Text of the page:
NACS State of the Industry Update: A Look Back, A Look Ahead

Let’s face it, the c-store industry puts up with more crap than any other retail channel. If we’re not getting hit with steep increases in credit card fees or new mandates, then we’re on the short end of governmental regulations that directly impact our businesses (i.e. FDA control of tobacco). The rest of the world thinks we are making a killing off of selling motor fuels, when in reality our customers are driving to hell and back just to save 40¢ on a fill up.

Industry Snapshot

There are currently an estimated 145,000 stores operating in our industry – that’s 50,000 more than all of the warehouse clubs, supercenters, dollar stores, mass merchandise stores, supermarkets, and drug stores com-bined! Over 90,000 of our stores are run by single store operators.

Independent Operator Profile (From the NACS Dealer Study, 2006-2008):

  • Consolidation and divestiture have created opportunities for New Americans to operate convenience stores
  • Influx of immigrants to the industry (India, Pakistan, Korea, Egypt, Jordan, Lebanon, Iran, Eastern Europe)
  • Many are college educated, have previous business ownership experience, or both
  • Most had little to no understanding of fuel marketing when entering the business (…other than US-born “mom & pops” who grew up in the business)

With 160 million transactions per day, our 2008 sales totaled $624.1 billion – over 4% of the US GDP. An estimated 98% of Americans shop at c-stores at least once a month, and we sell 80% of the motor fuel sold in the US. Our industry employs over 1,700,000 workers on the retail side alone.

According to Nielson, our customers fall primarily into one of several categories…

  • Lower income households
  • Single households
  • Households without children
  • African American households
  • Struggling urban, modest working towns & rural living
  • Blue collar & currently not in the workforce
  • All age households and male only households

Over the last 5 years in our industry, credit card fees have increased over 160%, from $3.2 billion in 2003 to $8.4 billion in 2008.

The US has the highest interchange rates in the entire world, and as our industry was still coping with the affects of the unthinkably high gas prices we saw last year, our interchange rates increased to over 2%, totaling nearly twice as much as the next highest country on the list (India at 1.10%).

In 2003, our industry’s pre-tax profit exceeded credit card fees by 25%; but by 2008, credit card fees towered over pre-tax profit by over 62%!Customer Trends

Consumer Trends

Two of the most crucial segments of the c-store target market are “Generations X, Y, and Beyond,” and the “Baby Boomers”. These segments can vary significantly in terms of buying patterns and brand loyalty, and it is important to understand the motives driving their behaviors.

  • Generation X, Y, and Beyond
    • Birth year: 1977-2002
    • Age: 4-29 years
    • Cultural influences: MTV, dot-com bust, September 11, Iraqi War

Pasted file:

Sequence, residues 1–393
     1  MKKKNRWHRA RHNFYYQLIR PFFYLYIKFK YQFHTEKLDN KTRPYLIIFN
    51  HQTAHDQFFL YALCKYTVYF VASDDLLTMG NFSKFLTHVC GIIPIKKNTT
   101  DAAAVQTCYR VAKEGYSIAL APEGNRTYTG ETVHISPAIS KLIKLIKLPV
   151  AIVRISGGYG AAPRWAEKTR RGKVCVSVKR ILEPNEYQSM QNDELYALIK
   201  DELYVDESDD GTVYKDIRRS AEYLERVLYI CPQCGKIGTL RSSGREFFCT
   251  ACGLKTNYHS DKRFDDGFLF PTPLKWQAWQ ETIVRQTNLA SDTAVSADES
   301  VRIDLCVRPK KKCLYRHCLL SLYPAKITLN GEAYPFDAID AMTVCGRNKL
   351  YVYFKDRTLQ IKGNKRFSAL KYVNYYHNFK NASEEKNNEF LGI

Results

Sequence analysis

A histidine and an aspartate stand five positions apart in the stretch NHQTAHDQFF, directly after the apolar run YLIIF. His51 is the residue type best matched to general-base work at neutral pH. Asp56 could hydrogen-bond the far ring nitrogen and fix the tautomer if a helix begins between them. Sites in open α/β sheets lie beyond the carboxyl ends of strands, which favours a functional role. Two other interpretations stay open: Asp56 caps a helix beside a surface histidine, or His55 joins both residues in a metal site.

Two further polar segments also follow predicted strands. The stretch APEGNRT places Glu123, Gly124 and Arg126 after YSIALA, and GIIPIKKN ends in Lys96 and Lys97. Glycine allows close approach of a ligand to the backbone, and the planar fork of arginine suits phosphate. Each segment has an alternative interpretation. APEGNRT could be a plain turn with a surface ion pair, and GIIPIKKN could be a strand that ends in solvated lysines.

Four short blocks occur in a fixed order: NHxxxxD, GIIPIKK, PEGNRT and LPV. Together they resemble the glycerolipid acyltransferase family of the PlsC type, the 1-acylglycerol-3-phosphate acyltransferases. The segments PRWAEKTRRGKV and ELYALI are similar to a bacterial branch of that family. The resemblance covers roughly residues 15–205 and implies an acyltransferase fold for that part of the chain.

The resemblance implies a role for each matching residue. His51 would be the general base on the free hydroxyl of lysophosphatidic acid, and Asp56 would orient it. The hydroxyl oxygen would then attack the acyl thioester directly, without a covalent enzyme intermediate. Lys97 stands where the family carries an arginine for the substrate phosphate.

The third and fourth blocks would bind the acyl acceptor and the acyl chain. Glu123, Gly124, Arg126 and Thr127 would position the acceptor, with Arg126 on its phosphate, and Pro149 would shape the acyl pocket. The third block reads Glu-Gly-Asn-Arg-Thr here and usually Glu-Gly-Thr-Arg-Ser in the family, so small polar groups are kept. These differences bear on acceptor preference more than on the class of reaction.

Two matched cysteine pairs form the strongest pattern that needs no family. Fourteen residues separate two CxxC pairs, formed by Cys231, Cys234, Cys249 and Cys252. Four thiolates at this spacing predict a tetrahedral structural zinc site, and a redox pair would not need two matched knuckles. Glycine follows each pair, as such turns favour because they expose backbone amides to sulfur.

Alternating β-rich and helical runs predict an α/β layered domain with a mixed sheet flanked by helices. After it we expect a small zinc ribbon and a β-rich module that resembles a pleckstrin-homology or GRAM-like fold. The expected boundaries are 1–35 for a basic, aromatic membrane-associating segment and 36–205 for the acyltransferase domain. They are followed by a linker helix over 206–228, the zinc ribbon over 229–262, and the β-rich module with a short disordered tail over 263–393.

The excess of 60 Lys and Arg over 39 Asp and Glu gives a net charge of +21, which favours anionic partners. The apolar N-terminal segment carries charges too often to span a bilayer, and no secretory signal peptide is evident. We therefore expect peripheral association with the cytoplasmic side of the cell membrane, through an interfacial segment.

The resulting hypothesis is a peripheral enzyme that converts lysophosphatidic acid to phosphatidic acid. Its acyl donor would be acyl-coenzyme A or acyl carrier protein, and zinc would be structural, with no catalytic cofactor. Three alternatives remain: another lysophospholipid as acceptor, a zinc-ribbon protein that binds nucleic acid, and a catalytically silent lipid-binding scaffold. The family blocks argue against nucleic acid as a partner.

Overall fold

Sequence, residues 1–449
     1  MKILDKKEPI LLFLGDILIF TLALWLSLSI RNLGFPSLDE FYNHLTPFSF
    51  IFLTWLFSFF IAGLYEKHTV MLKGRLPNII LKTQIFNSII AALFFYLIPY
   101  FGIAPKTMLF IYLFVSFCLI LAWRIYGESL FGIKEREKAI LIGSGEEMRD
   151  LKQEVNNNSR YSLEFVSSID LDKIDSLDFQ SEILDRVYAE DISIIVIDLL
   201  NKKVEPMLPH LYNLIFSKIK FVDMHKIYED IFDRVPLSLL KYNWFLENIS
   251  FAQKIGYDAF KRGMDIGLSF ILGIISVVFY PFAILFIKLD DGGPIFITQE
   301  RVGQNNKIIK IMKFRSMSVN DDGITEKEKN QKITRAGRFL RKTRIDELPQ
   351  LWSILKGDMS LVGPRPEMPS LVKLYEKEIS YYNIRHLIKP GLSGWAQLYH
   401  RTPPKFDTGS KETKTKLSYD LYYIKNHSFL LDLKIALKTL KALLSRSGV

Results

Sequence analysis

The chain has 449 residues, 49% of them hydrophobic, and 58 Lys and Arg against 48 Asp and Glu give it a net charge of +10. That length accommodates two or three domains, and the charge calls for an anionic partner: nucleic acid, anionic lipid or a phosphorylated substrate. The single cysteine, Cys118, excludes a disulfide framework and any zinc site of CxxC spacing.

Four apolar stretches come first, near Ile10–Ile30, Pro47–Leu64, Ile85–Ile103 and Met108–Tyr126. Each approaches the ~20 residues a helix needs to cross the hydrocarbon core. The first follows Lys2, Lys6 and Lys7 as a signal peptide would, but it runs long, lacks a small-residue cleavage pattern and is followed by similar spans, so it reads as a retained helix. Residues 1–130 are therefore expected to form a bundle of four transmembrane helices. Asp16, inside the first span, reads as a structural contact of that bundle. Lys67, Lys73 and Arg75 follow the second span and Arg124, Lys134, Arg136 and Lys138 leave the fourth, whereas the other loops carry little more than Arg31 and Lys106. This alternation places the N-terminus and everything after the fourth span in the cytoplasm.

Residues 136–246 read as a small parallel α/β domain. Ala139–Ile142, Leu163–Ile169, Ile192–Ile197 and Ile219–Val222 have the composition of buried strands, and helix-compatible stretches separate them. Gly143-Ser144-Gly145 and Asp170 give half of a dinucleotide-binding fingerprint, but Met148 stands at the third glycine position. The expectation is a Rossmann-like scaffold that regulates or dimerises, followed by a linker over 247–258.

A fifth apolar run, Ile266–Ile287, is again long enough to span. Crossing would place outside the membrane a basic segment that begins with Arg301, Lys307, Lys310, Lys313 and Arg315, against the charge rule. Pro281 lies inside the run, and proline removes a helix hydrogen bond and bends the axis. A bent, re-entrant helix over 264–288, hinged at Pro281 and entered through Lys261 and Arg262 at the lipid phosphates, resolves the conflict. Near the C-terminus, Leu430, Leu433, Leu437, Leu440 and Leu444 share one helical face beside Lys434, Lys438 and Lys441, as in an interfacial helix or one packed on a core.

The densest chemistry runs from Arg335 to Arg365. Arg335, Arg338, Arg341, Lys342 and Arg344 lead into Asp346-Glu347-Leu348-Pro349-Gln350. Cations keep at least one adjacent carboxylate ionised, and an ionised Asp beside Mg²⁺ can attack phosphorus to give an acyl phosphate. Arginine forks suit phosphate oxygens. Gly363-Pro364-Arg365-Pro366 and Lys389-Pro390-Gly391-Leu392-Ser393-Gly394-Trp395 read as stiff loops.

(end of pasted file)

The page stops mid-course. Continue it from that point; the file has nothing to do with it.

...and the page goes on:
• Brand loyalty measured in: Days
    • Teens tend to buy small amounts of gas frequently – 10, 15, even 20 times a month
    • Over 60% of teens say they stop at convenience stores to “use the restroom”
    • Clean restrooms strongly influence where teens buy gas
    • Teens who purchase food prepared in the store or branded fast food are likely to want to use the restroom
    • Teens revealed through a survey that being denied access to restrooms was a significant issue for them
    • Convenience teens have grown up with what many of us consider to be advanced technology
    • Teens expect a threshold level of technology that accommodates their “access anytime, anywhere” devices and routines
  • Baby Boomers:
    • Birth year: 1946-1964
    • Age: 42-60 years
    • Cultural influences: The 1960s, Vietnam War, Kennedy Assassination, Woodstock
    • Brand loyalty measured in: Yearso Brand loyalty measured in: DaysFirst “me” generation – driven by wealth and success
    • By the end of this year, this segment will reportedly spend $3 trillion a year
    • While mostly “brand fixed,” they are still just as likely to switch brands as younger buyers
    • 33% of consumers older than 50 believe it is “risky” to buy an unfamiliar brand (36% of consumers age 16-34, and 30% of consumers age 35-49 agree)

Industry Shifts

In the last three years, over 200 convenience and petroleum retailers were acquired, totaling more than 6,000 stores. It seems larger operators are getting larger, while small to mid-sized operators are choosing to sell due to increased competition and regulations, little to no business succession opportunities, and enticing bids from larger companies. Companies like 7-Eleven and am|pm are moving to total franchise models, and major oil companies are divesting company owned and operated sites to chains and jobbers. For dozens of companies, fuel replacement costs and credit card fees have simply driven them out of business altogether. While there are new opportunities for entrepreneurs to enter the marketplace, there are still great issues for wholesalers and technology providers.


Although it has been a rough year, we are bound to see some bottom line improvements. As consumers become more time-starved, they will look to us for convenient solutions for their ever growing demands. It is up to us as an industry to increase visibility and stay relevant within the consumers’ minds.

About NACS
• Founded in 1961
• More than 2,000 retail member companies
• More than 2,000 supplier member companies


By: Michael Davis, Vice President, Member Services, NACS